Reanimating Tūpuna Stories
A montage of photos showing: a student using Gamefroot on their computer; a screenshot of the Gamefroot software; a mind-map of game ideas; some of the participating students; and the students gathered in front of the marae.

Year 9 ākona from Queen Charlotte College at Waikawa Marae, Marlborough (February 2019)

A screenshot from Gamefroot, showing a girl and boy character talking in te reo Māori to each other, with Kupe on the far right. The 2D game also has a pou, kiwi and a huia.

Example of a game created using Gamefroot

Games for Tuia

The second Games for Tuia workshop took place over 21-22 February 2019 with rangatahi from Queen Charlotte College brainstorming (gamestorming!), coding and getting the opportunity to kōrero about local history at Waikawa marae.

The Games for Tuia project is led by Rachel Bolstad from the New Zealand Council for Educational Research (NZCER) and Dan Milward from game coding platform Gamefroot, working in collaboration with schools and marae in Marlborough and on the East Coast. The ākona (students) involved in Games for Tuia are supported to become co-designers and co-creators of 2D digital games which tell place-based stories, drawing on their local histories and the resources within their communities, as well as the themes of Tuia 250.

Learning our histories

The sun was shining on us in Te Tau Ihu o Te Waka-a-Māui – the prow of the waka of Māui – and the day started bright and early with a powhiri at Waikawa marae. Morning tea included scones with jam and cream (we were well looked after) and then it was into the wharenui, named Arapaoa, for an introduction to the history of the area with Waikawa Marae Trust chairwoman Rita Powick. With the rangatahi and adults curled on the floor, Rita took us through the story of Kupe and Te Wheke and shared Te Ati Awa histories with us. The students also shared what they knew already, and took part in a larger kōrero led by Rita around naming and renaming, the history of the whenua, and the importance of knowing your own history as well as acknowledging that others have their own stories.

Gamestorming the themes of Tuia 250

The afternoon and much of the second day were spent ‘gamestorming’ ideas and reflecting on what the students had learnt from Rita, and making connections with some of the themes of Tuia 250. Dave Thornycroft from Gamefroot also helped the students to brush up on their coding skills, and they were able to create simple games using Gamefroot really quickly. In one instance an unintended coding accident was creatively incorporated into the gameplay to open up an underwater level.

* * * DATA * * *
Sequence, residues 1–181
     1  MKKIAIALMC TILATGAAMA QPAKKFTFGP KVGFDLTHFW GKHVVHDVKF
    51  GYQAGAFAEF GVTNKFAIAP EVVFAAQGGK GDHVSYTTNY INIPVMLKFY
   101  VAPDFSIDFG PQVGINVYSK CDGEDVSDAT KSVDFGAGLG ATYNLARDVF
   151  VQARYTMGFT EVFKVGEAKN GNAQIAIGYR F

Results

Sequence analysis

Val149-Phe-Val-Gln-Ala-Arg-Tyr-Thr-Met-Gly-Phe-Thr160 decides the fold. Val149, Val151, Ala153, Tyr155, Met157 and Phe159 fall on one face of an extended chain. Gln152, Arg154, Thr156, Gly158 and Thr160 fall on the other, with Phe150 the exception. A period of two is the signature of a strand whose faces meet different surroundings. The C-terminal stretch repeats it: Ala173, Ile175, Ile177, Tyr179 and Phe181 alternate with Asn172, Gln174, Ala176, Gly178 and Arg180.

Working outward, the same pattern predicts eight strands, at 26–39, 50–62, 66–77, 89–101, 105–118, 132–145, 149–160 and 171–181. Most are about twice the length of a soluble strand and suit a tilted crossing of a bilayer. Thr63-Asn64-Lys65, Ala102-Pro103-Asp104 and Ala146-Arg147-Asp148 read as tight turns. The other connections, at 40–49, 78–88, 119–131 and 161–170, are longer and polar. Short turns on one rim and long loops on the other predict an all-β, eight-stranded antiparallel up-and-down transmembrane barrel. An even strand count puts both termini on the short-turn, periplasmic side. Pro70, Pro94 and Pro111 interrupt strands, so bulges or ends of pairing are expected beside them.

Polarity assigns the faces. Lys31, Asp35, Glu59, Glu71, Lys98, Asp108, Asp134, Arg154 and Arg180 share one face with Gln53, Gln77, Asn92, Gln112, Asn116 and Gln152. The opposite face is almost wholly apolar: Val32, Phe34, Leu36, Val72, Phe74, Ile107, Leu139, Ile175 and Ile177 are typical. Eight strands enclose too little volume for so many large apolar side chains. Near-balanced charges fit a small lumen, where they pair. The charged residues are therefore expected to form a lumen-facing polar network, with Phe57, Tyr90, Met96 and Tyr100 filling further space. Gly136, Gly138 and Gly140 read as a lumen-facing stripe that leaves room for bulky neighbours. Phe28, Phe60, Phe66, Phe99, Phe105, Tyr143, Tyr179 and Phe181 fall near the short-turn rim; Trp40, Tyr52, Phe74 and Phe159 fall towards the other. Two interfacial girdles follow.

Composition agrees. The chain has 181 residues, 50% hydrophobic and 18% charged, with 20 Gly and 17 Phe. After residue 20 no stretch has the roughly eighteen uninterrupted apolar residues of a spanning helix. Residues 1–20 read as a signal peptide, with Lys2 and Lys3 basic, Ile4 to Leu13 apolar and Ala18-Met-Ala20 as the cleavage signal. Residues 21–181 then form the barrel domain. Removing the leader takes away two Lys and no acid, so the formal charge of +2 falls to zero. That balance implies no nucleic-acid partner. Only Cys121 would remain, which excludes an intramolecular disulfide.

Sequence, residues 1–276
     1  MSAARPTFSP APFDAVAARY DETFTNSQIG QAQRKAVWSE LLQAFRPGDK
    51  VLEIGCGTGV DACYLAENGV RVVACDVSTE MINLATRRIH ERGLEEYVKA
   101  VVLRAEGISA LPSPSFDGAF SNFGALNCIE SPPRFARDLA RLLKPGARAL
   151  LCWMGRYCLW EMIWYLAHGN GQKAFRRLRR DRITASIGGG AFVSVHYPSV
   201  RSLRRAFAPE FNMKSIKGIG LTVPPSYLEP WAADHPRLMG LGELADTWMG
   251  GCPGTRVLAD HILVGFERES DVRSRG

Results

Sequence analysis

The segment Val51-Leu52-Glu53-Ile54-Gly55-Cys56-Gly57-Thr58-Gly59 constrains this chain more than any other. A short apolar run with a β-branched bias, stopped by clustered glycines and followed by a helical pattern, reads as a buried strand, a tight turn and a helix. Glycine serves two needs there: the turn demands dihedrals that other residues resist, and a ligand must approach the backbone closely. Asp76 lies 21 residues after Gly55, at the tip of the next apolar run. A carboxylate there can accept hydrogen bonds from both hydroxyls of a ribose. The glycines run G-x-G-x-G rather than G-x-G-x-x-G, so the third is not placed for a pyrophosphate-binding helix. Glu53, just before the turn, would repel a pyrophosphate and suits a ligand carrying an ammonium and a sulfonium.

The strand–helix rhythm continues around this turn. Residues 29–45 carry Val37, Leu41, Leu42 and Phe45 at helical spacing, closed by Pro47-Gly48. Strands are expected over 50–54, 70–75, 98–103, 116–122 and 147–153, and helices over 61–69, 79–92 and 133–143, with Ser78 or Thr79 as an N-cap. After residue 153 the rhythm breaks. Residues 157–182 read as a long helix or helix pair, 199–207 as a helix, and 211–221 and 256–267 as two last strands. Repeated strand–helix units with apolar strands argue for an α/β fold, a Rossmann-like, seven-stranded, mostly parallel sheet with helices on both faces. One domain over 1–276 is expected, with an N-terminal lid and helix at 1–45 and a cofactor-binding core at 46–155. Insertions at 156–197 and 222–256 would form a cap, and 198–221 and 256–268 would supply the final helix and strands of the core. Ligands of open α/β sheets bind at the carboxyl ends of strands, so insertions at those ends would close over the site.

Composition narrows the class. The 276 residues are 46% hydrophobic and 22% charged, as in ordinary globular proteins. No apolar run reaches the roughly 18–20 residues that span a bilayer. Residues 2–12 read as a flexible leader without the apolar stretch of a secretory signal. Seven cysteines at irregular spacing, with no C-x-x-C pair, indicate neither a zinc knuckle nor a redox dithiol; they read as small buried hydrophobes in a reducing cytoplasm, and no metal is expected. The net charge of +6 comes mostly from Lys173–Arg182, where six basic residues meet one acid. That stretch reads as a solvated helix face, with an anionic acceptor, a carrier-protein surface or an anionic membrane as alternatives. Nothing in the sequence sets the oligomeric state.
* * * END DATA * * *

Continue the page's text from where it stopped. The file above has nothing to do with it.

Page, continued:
The story of Kupe and Te Wheke proved particularly popular as a game concept. The students also had other creative suggestions that included multiple timelines, contemporary music, shape-changing into birds like Māui, going on journeys with Tupaia or Cook, and showing “the way that Cook sees the land compared to the way that Māori see the land” – using the land for resources or acting as kaitiaki. When Rachel asked who they thought the audience for their game might be, one response was: “maybe people who are curious to know more about who we are and what we know about this land”. Tautoko.

Kia ora rawa atu!

Our thanks to Humanities teacher Heather Møller for her ongoing support and Queen Charlotte College for meeting the Games for Tuia challenge – Ngā mihi nui ki a ratou mo o koutou manaakitanga. Likewise, our gratitude to Rita for filling our kete with knowledge and to Te Ati Awa o Te Waka-a-Māui and Queen Charlotte College for hosting us all.

Since the workshop, the Queen Charlotte ākona have been adding to their local knowledge and the school organised a guided boat trip with local historian John Orchard, visiting key sites linked with Cook’s journeys in the area. Games for Tuia workshops were also held with students at Lytton High School and Tolaga Bay Area School. A follow-up series of workshops with the schools will happen in Term 2.

For more information about Games for Tuia, check out the NZCER website.

This project is supported in part through a grant from New Zealand National Commission for UNESCO.


Sestercentennial Trusts